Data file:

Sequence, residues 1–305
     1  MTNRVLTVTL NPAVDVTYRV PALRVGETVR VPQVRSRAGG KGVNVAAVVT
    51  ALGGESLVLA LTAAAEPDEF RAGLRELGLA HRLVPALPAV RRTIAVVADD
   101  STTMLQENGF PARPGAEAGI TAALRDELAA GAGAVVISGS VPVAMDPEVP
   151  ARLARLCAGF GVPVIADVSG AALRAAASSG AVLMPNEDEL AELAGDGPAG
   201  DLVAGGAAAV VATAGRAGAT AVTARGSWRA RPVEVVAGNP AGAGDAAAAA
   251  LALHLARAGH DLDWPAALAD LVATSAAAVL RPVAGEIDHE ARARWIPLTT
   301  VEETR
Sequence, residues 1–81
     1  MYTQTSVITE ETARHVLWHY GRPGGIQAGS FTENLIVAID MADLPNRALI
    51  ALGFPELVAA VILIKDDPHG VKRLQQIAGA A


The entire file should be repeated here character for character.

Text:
Sequence, residues 1–305
     1  MTNRVLTVTL NPAVDVTYRV PALRVGETVR VPQVRSRAGG KGVNVAAVVT
    51  ALGGESLVLA LTAAAEPDEF RAGLRELGLA HRLVPALPAV RRTIAVVADD
   101  STTMLQENGF PARPGAEAGI TAALRDELAA GAGAVVISGS VPVAMDPEVP
   151  ARLARLCAGF GVPVIADVSG AALRAAASSG AVLMPNEDEL AELAGDGPAG
   201  DLVAGGAAAV VATAGRAGAT AVTARGSWRA RPVEVVAGNP AGAGDAAAAA
   251  LALHLARAGH DLDWPAALAD LVATSAAAVL RPVAGEIDHE ARARWIPLTT
   301  VEETR
Sequence, residues 1–81
     1  MYTQTSVITE ETARHVLWHY GRPGGIQAGS FTENLIVAID MADLPNRALI
    51  ALGFPELVAA VILIKDDPHG VKRLQQIAGA A